Most equipment failures can be avoided with good maintenance. An unmaintained vehicle can become unsafe to drive. Check your vehicle owner’s manual for maintenance information.

There may be times when equipment fails, resulting in a driving emergency that calls for you to take fast action.


If a front tire blows, steering will be difficult and there may be a strong pull to the side. A rear blowout causes the back of the vehicle to weave or sway. If you have a blowout:

  • Grip the steering wheel firmly.
  • Slow down gradually.
  • Pull off the road.

Brakes Fail

If your brakes stop working:

  • Pump the brakes. This may build up enough pressure to get them working again.
  • Shift to a lower gear so the engine can help slow you down.
  • Slowly apply the parking brake.
  • Use your horn or lights to warn others that you are out of control.
  • Once you have slowed, ease onto the shoulder.

Headlights Go Out

If your headlights stop working:

  • Turn the headlight switch off and on.
  • Try other lights such as high beams, driving lights or hazard lights. This may give you enough light to guide you off the road.
  • Slow down and ease onto the shoulder.

Power Steering Fails

If your power steering stops working:

  • Grip the steering wheel firmly. Steering will be difficult.
  • Slow down and ease onto the shoulder.

Accelerator Sticks

If your accelerator sticks:

  • Search for an escape path.
  • Shift the vehicle to neutral. Use an open palm to avoid shifting into another gear.
  • Steer smoothly while braking.
  • Pull off the road when it is safe to do so.

Fuel Saving Techniques

Drivers can improve gas mileage or save fuel by using these techniques:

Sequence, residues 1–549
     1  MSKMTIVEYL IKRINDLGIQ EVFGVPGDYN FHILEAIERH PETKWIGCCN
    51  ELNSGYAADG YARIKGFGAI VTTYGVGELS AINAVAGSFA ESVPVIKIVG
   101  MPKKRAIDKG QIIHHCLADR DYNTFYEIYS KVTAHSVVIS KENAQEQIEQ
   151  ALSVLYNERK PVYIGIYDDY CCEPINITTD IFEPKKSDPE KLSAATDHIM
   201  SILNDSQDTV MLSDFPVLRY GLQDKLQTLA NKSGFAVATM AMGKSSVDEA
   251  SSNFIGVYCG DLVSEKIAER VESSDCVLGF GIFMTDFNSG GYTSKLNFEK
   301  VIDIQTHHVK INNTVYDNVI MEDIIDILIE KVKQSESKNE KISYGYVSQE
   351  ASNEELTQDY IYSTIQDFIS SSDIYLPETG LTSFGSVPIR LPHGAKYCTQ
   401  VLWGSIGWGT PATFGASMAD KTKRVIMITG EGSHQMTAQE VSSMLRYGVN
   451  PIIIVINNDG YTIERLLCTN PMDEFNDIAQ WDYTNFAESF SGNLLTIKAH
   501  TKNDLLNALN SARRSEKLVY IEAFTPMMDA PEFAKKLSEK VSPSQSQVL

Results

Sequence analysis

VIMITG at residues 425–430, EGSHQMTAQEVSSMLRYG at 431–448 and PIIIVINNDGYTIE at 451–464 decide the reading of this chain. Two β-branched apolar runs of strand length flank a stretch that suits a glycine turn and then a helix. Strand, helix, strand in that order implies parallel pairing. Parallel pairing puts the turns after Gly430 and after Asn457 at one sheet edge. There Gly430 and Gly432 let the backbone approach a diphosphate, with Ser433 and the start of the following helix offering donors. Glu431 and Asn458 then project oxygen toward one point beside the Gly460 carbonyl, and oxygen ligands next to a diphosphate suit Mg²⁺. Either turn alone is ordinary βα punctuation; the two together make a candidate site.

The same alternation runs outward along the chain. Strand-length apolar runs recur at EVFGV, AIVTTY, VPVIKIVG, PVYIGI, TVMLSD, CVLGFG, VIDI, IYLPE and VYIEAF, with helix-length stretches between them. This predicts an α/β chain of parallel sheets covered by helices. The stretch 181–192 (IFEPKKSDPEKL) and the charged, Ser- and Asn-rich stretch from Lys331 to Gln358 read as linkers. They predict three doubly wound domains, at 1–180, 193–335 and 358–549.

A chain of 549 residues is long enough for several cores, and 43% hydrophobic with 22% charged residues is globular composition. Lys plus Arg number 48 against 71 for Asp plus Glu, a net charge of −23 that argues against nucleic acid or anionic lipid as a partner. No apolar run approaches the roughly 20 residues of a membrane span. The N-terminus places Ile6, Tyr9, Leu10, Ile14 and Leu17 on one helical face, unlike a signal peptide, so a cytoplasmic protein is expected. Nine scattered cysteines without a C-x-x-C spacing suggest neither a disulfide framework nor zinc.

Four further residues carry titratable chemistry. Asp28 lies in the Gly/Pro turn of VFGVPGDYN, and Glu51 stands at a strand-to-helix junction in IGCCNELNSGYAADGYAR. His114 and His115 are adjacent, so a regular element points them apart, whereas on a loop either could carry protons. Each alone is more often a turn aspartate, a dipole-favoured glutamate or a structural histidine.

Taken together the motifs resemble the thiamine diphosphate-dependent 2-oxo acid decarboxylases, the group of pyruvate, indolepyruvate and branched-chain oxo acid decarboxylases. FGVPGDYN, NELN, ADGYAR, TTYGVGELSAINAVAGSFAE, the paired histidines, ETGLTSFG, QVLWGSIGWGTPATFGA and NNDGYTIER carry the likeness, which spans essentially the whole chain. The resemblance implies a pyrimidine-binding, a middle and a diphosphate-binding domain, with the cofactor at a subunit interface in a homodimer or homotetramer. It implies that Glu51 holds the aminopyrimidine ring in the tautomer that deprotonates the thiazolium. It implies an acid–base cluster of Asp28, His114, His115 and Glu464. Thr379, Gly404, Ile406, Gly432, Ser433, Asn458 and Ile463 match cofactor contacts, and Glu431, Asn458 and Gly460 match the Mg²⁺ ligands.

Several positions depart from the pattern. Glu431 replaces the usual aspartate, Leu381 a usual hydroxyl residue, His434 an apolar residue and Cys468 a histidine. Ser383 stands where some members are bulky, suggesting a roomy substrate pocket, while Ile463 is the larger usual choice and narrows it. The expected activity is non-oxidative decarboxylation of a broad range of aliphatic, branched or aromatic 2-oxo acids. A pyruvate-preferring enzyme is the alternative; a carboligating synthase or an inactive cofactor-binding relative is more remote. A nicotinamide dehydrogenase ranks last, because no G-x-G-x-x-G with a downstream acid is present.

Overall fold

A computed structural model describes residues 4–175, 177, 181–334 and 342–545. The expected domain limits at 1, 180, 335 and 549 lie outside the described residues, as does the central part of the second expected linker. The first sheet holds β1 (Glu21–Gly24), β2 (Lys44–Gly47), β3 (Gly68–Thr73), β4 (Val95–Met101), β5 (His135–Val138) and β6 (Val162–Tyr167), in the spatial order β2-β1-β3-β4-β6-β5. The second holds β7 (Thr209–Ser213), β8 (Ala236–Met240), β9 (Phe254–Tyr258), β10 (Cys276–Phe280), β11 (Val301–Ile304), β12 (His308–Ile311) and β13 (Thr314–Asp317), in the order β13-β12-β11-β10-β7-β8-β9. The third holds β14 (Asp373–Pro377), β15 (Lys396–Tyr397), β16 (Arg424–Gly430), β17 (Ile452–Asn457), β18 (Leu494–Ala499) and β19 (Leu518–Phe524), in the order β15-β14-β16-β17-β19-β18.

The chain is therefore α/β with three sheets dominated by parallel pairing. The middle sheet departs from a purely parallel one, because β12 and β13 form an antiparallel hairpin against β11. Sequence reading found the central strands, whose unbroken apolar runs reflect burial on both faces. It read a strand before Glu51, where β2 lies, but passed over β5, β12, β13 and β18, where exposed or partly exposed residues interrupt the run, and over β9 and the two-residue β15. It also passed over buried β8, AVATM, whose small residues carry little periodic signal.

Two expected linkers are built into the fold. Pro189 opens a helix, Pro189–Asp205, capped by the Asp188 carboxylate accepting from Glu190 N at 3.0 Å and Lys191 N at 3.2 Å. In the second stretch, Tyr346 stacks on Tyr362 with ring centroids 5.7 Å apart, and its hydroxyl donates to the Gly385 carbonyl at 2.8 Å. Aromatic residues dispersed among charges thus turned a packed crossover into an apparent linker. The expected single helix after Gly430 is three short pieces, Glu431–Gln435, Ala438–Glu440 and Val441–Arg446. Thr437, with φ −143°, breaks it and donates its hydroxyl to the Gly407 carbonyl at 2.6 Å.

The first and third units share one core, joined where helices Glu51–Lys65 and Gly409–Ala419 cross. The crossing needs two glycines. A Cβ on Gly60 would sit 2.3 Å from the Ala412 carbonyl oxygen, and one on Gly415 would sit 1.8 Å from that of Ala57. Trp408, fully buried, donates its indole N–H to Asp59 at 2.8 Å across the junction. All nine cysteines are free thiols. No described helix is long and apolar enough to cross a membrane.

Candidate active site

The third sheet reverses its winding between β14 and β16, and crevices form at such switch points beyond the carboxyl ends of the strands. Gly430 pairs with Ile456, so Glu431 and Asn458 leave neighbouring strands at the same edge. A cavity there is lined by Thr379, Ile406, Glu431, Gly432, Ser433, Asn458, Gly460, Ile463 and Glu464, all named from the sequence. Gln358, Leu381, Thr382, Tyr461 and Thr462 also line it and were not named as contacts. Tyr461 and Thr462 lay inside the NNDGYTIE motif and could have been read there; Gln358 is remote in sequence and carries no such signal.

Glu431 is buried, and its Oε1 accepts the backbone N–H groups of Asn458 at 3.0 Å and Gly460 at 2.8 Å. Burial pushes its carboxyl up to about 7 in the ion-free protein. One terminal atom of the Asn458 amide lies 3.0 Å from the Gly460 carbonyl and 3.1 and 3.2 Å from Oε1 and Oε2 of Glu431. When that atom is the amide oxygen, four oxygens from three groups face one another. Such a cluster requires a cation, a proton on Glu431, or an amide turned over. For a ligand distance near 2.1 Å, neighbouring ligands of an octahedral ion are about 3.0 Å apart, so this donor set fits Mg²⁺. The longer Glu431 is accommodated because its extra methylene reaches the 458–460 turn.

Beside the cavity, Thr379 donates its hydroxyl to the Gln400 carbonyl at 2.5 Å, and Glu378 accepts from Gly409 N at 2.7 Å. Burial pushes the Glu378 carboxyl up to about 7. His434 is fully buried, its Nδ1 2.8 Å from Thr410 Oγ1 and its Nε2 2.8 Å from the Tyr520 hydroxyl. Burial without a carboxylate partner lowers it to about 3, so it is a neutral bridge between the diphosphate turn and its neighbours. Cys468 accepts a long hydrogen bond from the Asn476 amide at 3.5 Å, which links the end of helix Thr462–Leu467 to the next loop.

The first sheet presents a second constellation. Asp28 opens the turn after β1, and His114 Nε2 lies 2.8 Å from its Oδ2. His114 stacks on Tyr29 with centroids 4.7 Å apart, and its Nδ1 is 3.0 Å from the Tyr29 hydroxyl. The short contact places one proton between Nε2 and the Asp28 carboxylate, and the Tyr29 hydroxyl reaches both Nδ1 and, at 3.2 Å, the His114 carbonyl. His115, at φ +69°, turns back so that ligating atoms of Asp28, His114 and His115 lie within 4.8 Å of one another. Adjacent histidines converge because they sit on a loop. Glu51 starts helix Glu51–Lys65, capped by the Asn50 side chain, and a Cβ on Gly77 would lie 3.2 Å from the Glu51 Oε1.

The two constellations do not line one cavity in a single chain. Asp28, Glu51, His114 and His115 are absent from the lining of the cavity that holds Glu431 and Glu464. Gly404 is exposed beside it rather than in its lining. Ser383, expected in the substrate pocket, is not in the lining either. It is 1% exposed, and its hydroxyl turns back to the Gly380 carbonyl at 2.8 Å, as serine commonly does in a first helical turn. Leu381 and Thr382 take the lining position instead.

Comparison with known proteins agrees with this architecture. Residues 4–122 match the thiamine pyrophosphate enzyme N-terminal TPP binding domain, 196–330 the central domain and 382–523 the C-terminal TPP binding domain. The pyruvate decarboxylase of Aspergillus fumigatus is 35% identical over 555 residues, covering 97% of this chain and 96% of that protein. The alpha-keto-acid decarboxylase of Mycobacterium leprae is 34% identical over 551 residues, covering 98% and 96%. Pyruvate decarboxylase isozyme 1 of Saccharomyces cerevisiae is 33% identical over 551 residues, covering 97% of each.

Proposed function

• Drive steadily and avoid exceeding posted speed limits.
  • Avoid rapid starts and sudden stops.
  • Avoid unnecessary idling.
  • Combine errands into a single trip.
  • Properly maintain your vehicle.

For more helpful tips go to:

Sample Test Questions

It is illegal to have fog lights on when you are:

  1. required to dim your headlights.
  2. using them to see through fog.
  3. using your high beam headlights.

A driver has three tools to use to avoid a collision.

  1. Slow down, check your mirrors, stop.
  2. Stop quickly, turn quickly, speed up.
  3. Speed up, honk your horn, change lanes.

Oregon’s Open Container law:

  1. does not apply to anyone over the age of 21.
  2. requires any open bottles or containers to be in the trunk.
  3. allows only passengers to have open containers.

You are driving and receive a text on your cell phone. What do you do?

  1. Read and respond to the text.
  2. Ignore the text until you stop in a safe parking area.
  3. Slow down and read and respond while keeping one eye on the road.